Observations on solitary bees in a garden at Astley Burf
On the evening of 8th August 2011 I noticed several clusters of solitary bees apparently ‘roosting’ on flower heads of one of the lavenders growing alongside the path leading to my front door. They were still in the same position the next morning and only flew off after the sun reached the particular bush. They returned almost to the same flower heads that evening and continued to do so for a number of weeks thereafter. A quick count revealed 90–100 individuals, most of which were tightly packed together on 5-6 flower heads, with a few on one or two other stems but always on the same bush.
I mentioned this to Geoff Trevis on 13th August and he kindly offered to identify them for me. I provided him with two individuals from the same flower head and surprisingly these turned out to be two separate species, Lasioglossum albipes and Lasioglossum calceatum, both determinations being based on the genital capsules. He confirmed that both were males and that only the males were known to cluster in this way.
Seeing them regularly enabled me to make some interesting observations of their behaviour. They spent a considerable amount of time self grooming, both prior to flying off, which they did as soon as the sun struck them and they warmed up, and also on returning to roost in late afternoon or evening, depending on weather conditions. On dull cool days they remained all day and didn’t even move when torrential rain (13mm) fell on 25th August. A quick count the next morning revealed about 80 individuals, 10 of these having moved to an adjacent lavender.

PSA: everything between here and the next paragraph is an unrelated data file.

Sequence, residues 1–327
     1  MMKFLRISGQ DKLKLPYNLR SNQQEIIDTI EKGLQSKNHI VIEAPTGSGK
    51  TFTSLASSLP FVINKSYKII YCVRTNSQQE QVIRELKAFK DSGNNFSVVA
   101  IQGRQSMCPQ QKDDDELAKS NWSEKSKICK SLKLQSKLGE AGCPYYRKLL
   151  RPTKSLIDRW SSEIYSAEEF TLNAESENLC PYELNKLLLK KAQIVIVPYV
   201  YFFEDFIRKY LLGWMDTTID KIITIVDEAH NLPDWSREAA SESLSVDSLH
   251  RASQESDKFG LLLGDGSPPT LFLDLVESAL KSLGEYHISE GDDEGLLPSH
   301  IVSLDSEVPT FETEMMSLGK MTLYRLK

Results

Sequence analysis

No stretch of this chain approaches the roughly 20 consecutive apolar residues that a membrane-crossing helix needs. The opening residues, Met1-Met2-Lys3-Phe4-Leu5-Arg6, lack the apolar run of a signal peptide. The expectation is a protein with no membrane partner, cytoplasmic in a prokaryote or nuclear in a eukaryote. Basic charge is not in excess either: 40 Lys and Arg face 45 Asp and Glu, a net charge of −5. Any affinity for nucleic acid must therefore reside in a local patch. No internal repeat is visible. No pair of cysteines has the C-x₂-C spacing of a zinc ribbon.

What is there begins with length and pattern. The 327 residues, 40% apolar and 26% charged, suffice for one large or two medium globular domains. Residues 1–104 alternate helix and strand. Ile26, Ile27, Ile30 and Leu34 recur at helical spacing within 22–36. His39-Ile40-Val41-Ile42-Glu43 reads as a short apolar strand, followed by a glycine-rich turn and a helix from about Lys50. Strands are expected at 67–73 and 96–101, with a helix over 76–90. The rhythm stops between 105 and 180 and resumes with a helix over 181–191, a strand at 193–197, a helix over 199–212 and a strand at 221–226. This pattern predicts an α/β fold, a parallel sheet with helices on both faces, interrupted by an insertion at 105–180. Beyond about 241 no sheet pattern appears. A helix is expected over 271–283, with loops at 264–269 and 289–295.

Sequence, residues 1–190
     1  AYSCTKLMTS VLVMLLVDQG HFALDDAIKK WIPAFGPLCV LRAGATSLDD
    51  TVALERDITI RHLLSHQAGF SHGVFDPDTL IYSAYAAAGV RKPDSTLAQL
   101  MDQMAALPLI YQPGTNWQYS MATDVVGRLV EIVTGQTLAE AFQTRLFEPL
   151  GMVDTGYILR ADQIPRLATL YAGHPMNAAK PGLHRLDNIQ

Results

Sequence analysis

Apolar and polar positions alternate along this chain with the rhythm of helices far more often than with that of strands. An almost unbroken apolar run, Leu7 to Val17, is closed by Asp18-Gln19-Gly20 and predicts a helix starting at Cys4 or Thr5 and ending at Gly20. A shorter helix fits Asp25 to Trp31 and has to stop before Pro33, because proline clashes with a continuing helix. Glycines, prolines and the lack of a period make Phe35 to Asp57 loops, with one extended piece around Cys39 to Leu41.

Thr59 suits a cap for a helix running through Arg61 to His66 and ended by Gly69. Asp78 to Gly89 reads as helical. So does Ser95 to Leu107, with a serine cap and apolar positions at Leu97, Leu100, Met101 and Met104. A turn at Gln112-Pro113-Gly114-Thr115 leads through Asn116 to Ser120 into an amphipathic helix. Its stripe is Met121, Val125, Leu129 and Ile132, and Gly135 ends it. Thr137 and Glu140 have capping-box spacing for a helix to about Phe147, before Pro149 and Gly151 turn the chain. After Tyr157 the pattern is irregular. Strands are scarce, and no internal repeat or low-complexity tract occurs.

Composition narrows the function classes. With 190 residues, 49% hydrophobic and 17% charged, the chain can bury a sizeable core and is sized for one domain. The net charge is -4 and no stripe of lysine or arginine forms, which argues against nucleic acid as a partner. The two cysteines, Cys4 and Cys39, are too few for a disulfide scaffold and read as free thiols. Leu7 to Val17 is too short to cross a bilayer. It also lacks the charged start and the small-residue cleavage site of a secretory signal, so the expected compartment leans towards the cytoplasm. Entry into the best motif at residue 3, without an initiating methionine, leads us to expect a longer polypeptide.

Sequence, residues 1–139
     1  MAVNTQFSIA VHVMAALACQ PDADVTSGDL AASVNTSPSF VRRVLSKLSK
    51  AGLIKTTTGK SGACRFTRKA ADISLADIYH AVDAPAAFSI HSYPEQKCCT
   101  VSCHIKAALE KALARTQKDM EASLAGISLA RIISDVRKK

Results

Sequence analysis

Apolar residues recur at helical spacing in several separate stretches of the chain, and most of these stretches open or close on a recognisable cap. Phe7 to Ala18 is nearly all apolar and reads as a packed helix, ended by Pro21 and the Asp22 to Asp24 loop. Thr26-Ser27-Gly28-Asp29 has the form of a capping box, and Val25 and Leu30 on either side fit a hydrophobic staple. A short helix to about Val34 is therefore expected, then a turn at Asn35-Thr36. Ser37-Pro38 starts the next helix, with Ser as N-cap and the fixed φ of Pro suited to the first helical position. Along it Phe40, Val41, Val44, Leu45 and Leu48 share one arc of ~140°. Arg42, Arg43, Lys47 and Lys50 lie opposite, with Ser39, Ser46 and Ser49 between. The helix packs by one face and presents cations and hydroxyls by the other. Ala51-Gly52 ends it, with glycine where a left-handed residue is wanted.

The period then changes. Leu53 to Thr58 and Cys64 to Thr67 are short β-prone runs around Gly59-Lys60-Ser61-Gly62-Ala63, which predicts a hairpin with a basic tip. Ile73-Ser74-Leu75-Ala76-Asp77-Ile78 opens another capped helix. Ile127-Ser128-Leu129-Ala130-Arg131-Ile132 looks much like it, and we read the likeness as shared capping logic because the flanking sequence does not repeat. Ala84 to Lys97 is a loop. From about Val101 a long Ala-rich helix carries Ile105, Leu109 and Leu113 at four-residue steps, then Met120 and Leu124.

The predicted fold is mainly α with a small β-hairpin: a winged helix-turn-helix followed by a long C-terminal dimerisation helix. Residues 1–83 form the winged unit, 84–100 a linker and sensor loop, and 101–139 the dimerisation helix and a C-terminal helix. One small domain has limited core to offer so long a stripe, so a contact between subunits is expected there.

On 29th August I counted approximately 76 but then I noticed a cluster of 14 on a lavender further around the house but still facing south. Numbers fluctuated slightly and by 6th September had dropped to 50 on the original plant and 15 at the new site. On 12th, numbers had dropped to 35 and 8 respectively and despite the sun; many remained all day as the wind was quite strong and gusty.
At 6.30pm on 14th September, after a warm day with sunny spells, only seven returned to the original bush with four on the other. On 16th I was unable to find any bees and despite checking for the next few days, no further individuals were seen.
Although I was not able to prove where the bees spent their time when away from the ‘roost’, I did notice that there were similar looking bees nectaring on various flowers in the garden, particularly Rudbeckia and also on the small daisy, Erigeron karvinskianus. No obvious nest colony was found in the garden but I do regularly notice small holes within the cultivated garden and in the wilder areas on bare sandy places, which are likely to be solitary bee or wasp holes. It will be very interesting to see if this behaviour is repeated next year or whether this was a ‘one off’ event.
Fig. 1. Lasioglossum roost on lavender at Astley Burf. ©Jane Scott
Fig. 2. Lasioglossum roost on lavender at Astley Burf. ©Jane Scott
Fig. 3. Lasioglossum roost on lavender at Astley Burf. ©Jane Scott
Fig. 4. Lasioglossum roost on lavender at Astley Burf. ©Jane Scott